Four arrested at megaload protest in Moscow
Several of the protesters passively resisted arrest, and law enforcement officers crammed limp bodies into a Latah County Sheriff’s Office van.
Some who weren’t arrested yelled and made lewd gestures at police and the megaload convoy, while counterprotesters called for law enforcement to make arrests and get people out of the crosswalk.
The nighttime protest started out relatively slowly, with a small group of people gathering outside the Pie Hole restaurant at Second and Washington streets around 10 p.m. Thursday.
Starting around 10:30 p.m., the protesters began marching through downtown Moscow with the Moscow Volunteer Peace Band.
By the time the megaload rolled through downtown Moscow shortly after midnight, hundreds of protesters, counterprotesters and spectators lined Washington Street.
Greg Larson, a Latah County resident, smeared black paint on his face and carried a large sign reading “Mega ugly.”
“Ultimately, I don’t have to make a moral statement, but an aesthetic one,” he said. “(The oil sands project in Canada) is just too ugly.”
He said he was tired after getting off work Thursday but felt a duty to protest.
“If they can do that in Syria, I can do this in Moscow,” he said.
University of Idaho law student Al Baker and a group of his friends stood on a corner opposite the protesters, holding signs supporting the megaloads and oil sands project.
He said he didn’t think the megaload was something worth protesting, given the amount of work done to determine the feasibility of its travel plan.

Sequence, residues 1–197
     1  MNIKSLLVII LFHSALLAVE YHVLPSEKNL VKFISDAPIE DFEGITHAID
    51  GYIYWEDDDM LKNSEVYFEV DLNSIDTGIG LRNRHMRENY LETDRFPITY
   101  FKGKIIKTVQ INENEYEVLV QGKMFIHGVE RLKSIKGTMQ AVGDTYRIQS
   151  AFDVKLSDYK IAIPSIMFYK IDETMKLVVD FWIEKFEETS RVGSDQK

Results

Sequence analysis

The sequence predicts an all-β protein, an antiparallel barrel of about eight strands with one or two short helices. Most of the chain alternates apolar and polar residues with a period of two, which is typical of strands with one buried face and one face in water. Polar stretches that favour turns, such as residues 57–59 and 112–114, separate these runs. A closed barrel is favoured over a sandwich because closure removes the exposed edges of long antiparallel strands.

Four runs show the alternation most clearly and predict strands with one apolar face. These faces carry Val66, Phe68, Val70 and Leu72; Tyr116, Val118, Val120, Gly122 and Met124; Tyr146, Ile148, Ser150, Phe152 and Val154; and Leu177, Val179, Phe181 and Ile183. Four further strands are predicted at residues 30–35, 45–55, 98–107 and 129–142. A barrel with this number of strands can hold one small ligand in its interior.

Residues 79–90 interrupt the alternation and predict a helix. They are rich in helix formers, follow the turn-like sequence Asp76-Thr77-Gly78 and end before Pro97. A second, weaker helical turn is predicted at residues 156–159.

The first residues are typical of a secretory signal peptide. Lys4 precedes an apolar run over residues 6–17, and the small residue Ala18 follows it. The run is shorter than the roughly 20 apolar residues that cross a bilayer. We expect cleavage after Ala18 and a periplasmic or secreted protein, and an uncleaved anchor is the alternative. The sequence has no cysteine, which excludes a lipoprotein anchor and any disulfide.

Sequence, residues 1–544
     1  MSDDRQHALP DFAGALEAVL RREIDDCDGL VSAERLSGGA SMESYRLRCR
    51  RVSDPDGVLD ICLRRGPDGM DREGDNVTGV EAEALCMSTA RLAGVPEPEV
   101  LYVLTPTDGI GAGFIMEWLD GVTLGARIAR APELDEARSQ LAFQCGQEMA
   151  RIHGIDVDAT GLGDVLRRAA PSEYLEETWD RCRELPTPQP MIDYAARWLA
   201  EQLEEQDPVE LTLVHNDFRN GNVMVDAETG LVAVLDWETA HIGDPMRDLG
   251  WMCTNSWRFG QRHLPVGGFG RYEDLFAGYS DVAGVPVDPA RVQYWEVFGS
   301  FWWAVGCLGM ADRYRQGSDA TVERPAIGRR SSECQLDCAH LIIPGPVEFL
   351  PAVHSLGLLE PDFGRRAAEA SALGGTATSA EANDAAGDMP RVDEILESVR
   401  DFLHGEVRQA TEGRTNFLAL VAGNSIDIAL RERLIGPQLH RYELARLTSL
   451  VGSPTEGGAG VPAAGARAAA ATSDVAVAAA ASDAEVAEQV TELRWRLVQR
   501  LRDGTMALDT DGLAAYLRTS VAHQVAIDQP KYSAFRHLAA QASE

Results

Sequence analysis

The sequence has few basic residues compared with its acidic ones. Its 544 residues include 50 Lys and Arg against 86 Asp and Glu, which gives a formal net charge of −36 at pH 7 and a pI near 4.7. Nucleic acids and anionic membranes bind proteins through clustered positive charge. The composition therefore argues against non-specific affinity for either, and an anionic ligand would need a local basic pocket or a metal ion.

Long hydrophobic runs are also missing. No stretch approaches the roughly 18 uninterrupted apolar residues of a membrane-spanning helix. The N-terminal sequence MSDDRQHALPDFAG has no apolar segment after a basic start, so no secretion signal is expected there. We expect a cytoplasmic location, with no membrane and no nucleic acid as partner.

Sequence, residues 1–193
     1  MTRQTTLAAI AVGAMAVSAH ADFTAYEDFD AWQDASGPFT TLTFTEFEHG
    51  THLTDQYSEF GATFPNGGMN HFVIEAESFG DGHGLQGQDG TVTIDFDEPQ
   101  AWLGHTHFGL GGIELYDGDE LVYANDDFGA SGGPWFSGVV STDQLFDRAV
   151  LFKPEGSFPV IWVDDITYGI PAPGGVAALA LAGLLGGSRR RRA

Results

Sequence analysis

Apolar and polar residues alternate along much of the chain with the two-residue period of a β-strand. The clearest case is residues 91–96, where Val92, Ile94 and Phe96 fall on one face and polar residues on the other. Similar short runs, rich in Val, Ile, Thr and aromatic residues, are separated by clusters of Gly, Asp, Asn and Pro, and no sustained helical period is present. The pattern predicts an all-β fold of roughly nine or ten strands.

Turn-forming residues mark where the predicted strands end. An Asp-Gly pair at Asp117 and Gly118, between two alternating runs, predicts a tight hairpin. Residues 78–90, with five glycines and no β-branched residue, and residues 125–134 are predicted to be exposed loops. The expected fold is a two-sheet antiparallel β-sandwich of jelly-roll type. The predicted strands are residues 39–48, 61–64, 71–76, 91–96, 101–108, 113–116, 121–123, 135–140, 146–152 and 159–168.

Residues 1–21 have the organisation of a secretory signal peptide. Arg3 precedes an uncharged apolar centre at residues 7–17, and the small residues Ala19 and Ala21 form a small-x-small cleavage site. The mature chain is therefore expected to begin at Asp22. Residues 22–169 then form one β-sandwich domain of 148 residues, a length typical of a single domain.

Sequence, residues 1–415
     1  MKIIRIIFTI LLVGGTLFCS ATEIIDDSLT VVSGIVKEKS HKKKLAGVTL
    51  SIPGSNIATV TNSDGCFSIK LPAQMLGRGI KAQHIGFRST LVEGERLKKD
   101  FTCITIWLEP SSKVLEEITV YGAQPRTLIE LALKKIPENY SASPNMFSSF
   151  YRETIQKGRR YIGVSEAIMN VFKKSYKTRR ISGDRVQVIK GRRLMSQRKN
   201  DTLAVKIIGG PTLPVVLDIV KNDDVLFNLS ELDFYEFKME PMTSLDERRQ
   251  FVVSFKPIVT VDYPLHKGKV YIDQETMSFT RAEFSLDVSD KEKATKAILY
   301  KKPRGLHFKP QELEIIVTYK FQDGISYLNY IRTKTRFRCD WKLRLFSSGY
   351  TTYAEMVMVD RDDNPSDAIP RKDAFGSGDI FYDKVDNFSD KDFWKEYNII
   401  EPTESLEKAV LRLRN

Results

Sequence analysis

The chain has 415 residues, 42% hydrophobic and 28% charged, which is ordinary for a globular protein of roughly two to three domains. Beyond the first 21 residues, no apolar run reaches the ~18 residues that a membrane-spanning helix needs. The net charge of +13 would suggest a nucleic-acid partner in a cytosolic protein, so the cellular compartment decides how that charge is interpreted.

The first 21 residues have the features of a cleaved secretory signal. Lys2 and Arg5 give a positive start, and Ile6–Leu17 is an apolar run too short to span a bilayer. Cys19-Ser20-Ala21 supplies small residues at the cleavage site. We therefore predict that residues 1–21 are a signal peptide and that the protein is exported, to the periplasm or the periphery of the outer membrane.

Fellow counterprotester and law student Reed Colten said the oil sands project didn’t concern him.
“Have you been to the gas station lately?” he asked. “The more oil, the better.”
Jennifer Emerson, a UI senior studying environmental science, said she protested the megaload because she is opposed to the oil sands project.
“It’s one of the most environmentally destructive practices on the planet,” she said, holding a sign that said “Heart of the monster.”
Marcie Miller said her husband, Greg Freistadt, in addition to Bill French, Brett Haverstick and Vince Murray were among the protesters arrested early Friday morning.
Helen Yost, community organizer for Wild Idaho Rising Tide, said several protesters were going to the Latah County Jail to keep in touch with those incarcerated.
“Wild Idaho Rising Tide organized the event, but we were amazed and surprised that so many showed up,” she said. “We’re very proud of Moscow. We think this has been the most successful direct confrontation with the megaload in the entire Northwest.”
Moscow Mayor Nancy Chaney said she was saddened by the passing of the megaload through Moscow to the Alberta Tar Sands, but felt the protest was successful.
“I thought the protest was peaceful and powerful,” she said. “I think law enforcement, from my observations, handled it well,” she said.
Chaney said she hopes Imperial Oil/ExxonMobil will consider an alternative route from the Port of Pasco up U.S. Highway 395 then Interstate 90 through Washington and Idaho and into Montana to Interstate 15.
“I think that is a far more rational route than taking a two-lane, deteriorating highway through rural Idaho towns,” she said.
Imperial Oil/ExxonMobil says it plans to transport at least 60 shipments from the Port of Lewiston up U.S 95 and I-90, though not every load will be of this size, which was 24-feet wide, 14-feet tall and 208-feet long.